Does procrastinate have an antonym? If it does, that should be my OLW. Because although I’ve been thinking about my “one little word” for at least a week, and have made several attempts to write about a choice today, here it is 11:30 on Tuesday night and I’m still on the fence about my decision. (Maybe decisiveness should be my word.)
Choosing just one word seems like it should be such a simple task. Maybe part of my hesitation comes from the fact that last year’s word, balance, wasn’t such a great choice. I often felt like one of those circus performers who balance plates on the end of a pole while riding a unicycle. Except in my case the plates were just about to drop and I was going to fall off the unicycle any minute. Why I never crashed is beyond me.
Yet last year was also one of accomplishment and adventure. I’m excited to find out what 2015 has in store, both personally and professionally. And so I’m choosing discover as my OLW for this year.
One thing I love about this word is that it implies or incorporates words I considered. For example, I rejected curious because it seemed like more of a personality trait than a guiding mantra, yet it’s essential when making discoveries.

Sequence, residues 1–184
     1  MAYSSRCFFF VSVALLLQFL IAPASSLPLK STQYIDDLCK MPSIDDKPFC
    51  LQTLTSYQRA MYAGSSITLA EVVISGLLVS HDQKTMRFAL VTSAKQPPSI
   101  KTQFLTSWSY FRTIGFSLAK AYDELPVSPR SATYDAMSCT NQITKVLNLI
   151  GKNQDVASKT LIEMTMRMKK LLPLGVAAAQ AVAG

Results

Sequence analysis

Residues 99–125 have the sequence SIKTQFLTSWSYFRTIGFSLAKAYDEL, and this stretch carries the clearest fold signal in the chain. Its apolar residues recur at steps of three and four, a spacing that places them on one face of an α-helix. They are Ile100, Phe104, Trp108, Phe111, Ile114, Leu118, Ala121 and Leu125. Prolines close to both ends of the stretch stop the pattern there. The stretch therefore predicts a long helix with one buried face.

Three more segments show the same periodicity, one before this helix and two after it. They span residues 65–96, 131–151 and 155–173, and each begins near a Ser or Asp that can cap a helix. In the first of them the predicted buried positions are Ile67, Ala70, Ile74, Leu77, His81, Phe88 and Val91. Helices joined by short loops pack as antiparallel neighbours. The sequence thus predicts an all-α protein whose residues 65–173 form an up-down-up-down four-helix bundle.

I have a number of goals I’d like to accomplish this year, goals I’ll have to strive towards. Strive didn’t make the cut, however, because when I looked it up I found that it had many negative connotations. Which isn’t really surprising when you remember the fact that strive and strife are derived from the same word. Conflict is not what I was looking for. Aspire was a contender, as was persistence.
Search is another word I considered. I decided against this word because it sounds like you know what you’re searching for, whereas discoveries usually take you by surprise. This element of finding the unexpected was important to me. Over the past year, many of my happiest and most memorable moments occurred when I was specifically not striving or persisting or aspiring. I was just being in the moment, paying attention to the world around me. In her book Wanderlust: A History of Walking, Rebecca Solnit states that “the random, the unscreened, allows you to find what you don’t know you are looking for…”
I’ll keep you posted about what I discover, both in and out of the classroom.
Thank you to Stacey, Tara, Dana, Betsy, Anna, and Beth for this space for teachers and others to share their stories each Tuesday. Be sure to visit Two Writing Teachers to read more Slice of Life posts.